Last Friday, November 28th, was the 74th anniversary of the death of legendary Wall Street speculator Jesse Livermore. Once dubbed "the most fabulous living US stock trader" by Time magazine, he declared bankruptcy in 1934 and took his own life six years later.
Today's environment is very different to the one in which Livermore made and lost several fortunes, but he remains an iconic figure. Traders and investors alike continue to eulogise Reminiscences of a Stock Operator, a fictionalised biography of Livermore which is as illuminating as it was when first published in 1923.
It is also an enthralling read. Livermore first developed a taste for market speculation as a teenager and was so successful that he was eventually banned from bucket shops, the infamous gambling houses of the day.
In 1898, aged 21, he moved to New York to trade via conventional stockbrokers and became an adept tape reader, studying price action to gauge supply and demand. He made his first million during the 1907 market crash, his bearish bets leading JP Morgan to ask him to stop short-selling in order to avert financial chaos.
Livermore’s fortune was short-lived, most of his profits soon wiped out following a bad cotton trade. By 1914, he was bankrupt, but he profited handsomely in the following years. His greatest triumph came in 1929, emerging from the Wall Street crash with some $100 million in profits. Adjusted for inflation, that would be worth about $1.4 billion today.
Livermore's 1929 adventures cannot be found in Reminiscences – it was published six years earlier – but it nevertheless captures the excitement of the trading game.
Even today, 91 years after it was first published, it is a "textbook for speculation", as renowned hedge fund trader Paul Tudor Jones puts it. In the foreword to the latest edition, Jones relates how he was first given the book in 1976 by his then boss, who said it was "the most important book I could read". Since then, Jones has read the book "countless times", and "cannot remember a single time when I haven't discovered something new".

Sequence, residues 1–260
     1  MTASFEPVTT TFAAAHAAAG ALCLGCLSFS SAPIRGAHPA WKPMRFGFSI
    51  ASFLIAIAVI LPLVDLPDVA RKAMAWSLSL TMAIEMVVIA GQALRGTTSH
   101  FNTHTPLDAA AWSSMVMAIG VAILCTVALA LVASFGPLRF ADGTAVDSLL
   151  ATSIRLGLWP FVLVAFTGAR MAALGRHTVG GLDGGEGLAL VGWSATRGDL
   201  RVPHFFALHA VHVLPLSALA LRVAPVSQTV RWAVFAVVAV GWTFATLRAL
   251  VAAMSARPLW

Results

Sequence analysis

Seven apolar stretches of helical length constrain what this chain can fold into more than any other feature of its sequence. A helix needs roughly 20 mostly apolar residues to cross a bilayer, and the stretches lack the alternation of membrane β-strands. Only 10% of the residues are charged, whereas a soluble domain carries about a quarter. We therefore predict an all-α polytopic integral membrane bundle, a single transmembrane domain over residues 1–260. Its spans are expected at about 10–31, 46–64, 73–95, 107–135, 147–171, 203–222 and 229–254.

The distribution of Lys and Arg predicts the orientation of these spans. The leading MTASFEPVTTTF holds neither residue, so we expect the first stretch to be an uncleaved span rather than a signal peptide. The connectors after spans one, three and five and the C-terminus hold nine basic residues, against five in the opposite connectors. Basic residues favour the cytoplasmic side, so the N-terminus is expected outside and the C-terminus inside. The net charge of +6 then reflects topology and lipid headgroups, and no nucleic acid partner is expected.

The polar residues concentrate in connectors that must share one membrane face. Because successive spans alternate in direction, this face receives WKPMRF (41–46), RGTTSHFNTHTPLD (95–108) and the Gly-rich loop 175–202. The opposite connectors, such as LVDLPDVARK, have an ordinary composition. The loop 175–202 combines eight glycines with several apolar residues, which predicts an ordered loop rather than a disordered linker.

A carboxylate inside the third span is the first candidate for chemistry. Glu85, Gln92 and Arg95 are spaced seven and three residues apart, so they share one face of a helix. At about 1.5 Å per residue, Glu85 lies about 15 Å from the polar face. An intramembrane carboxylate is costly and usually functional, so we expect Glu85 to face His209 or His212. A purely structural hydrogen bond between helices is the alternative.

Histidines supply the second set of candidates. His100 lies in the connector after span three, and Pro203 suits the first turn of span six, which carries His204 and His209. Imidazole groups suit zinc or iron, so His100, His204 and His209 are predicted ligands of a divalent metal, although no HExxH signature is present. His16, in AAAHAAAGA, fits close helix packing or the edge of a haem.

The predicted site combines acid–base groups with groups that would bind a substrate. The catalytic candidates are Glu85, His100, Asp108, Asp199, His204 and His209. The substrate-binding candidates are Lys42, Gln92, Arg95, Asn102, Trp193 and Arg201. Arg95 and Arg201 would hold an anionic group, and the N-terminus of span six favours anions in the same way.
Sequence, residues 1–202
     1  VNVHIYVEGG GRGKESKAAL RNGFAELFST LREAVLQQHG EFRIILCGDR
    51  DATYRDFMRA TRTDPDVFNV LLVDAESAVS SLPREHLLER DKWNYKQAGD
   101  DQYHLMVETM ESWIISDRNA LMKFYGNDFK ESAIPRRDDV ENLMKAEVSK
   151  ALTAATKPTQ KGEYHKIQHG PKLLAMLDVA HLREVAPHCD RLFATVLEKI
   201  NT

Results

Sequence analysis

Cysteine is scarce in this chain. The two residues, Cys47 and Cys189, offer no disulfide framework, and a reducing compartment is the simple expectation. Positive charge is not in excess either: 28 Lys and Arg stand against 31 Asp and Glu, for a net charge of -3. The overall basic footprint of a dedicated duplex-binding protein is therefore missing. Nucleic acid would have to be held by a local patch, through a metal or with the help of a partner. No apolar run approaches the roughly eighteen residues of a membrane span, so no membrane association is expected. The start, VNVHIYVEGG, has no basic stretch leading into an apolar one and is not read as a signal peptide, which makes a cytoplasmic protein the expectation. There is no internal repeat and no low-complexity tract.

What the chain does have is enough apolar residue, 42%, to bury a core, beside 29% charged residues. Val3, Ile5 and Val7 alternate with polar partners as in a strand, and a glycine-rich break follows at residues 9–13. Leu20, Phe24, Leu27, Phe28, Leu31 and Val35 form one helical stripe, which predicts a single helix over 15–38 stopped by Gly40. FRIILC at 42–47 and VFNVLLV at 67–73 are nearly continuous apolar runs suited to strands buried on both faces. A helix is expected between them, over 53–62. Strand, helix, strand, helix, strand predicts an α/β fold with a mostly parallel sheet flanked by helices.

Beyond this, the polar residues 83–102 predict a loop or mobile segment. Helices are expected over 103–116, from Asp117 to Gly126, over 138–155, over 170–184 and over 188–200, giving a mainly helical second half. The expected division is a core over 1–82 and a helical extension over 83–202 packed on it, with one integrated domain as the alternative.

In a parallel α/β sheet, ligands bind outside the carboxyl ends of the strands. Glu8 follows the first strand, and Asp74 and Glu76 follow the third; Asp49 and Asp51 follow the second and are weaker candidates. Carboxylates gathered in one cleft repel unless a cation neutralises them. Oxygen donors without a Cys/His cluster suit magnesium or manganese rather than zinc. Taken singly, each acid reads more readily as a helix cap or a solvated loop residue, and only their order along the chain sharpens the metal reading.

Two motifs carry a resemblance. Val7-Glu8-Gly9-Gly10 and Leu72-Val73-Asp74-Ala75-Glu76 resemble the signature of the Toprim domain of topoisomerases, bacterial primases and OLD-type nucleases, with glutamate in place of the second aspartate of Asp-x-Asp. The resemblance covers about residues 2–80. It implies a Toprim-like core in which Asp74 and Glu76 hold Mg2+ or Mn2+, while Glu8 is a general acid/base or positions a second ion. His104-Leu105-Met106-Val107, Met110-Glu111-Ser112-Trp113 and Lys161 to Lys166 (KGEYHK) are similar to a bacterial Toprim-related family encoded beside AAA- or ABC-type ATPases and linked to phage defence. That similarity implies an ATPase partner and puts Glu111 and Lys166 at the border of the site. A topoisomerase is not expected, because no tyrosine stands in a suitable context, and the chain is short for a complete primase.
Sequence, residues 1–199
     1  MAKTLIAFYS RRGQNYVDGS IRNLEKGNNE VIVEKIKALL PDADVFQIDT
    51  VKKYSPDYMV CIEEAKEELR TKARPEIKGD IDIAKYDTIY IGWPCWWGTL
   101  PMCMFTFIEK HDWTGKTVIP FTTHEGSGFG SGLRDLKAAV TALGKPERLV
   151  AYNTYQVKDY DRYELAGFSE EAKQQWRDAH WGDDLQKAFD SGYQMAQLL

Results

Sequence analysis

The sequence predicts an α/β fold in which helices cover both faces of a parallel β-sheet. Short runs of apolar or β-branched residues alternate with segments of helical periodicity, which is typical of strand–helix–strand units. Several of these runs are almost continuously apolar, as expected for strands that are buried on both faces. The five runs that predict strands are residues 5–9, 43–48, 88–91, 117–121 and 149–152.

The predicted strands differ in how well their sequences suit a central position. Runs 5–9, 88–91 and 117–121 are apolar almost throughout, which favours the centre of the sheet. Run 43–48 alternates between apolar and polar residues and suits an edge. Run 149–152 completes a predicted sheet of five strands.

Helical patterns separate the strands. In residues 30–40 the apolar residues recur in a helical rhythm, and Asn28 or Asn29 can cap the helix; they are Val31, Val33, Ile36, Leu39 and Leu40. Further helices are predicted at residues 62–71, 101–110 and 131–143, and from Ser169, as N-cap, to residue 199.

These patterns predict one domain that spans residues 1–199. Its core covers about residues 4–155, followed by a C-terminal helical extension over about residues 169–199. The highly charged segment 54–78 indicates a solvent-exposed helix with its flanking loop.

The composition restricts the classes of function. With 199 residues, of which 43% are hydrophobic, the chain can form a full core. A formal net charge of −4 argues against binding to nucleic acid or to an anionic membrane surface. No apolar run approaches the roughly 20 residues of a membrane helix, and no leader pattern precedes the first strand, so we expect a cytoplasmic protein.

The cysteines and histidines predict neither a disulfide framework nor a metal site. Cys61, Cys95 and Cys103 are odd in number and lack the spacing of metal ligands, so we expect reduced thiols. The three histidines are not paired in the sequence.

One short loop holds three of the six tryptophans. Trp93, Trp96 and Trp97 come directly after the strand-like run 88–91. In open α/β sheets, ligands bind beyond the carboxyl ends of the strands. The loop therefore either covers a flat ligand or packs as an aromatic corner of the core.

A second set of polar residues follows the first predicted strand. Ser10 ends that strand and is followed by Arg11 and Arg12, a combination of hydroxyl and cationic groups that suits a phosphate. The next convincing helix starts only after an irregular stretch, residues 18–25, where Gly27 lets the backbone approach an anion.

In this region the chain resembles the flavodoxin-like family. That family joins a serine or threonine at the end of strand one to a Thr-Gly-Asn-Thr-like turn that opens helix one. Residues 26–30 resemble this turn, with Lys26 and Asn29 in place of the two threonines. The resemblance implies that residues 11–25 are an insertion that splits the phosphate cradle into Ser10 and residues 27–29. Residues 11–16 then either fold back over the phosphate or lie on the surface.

, who interviewed over 30 renowned traders for his book,
, used to routinely ask his subjects what books they would recommend to aspiring traders.
was “by far” the most recommended book.
The fact the book remains so influential today is a lesson in itself, says money manager and Reformed Broker blogger Josh Brown. "That lesson is that there are rules to this game," he says, "certain disciplines that have always been true and should not be violated."
Livermore’s trading rules “are as practicable and essential now as they were in the early 20th century”, he adds. “His discussions about tipsters, respecting trends, recognising market characteristics and position sizing are still the gospel. Every serious trader can recite whole passages of the book on demand.”
For the most part, Livermore was a trend trader, which meant buying the leading stocks in bull markets and selling the weakest stocks in bear markets. Averaging down into losing positions was deemed a cardinal sin; instead, losses should be taken quickly, while traders should only add to profitable positions.
The book’s appeal is not confined to the trading community, however, routinely cropping up in the recommended reading lists of long-term investors who care little for Livermore’s high-octane approach.
, co-founder of Merrion Capital and now running GillenMarkets.com, describes the book as a “compulsive read”, and one that will help investors gain a “good understanding of certain stock market operations”.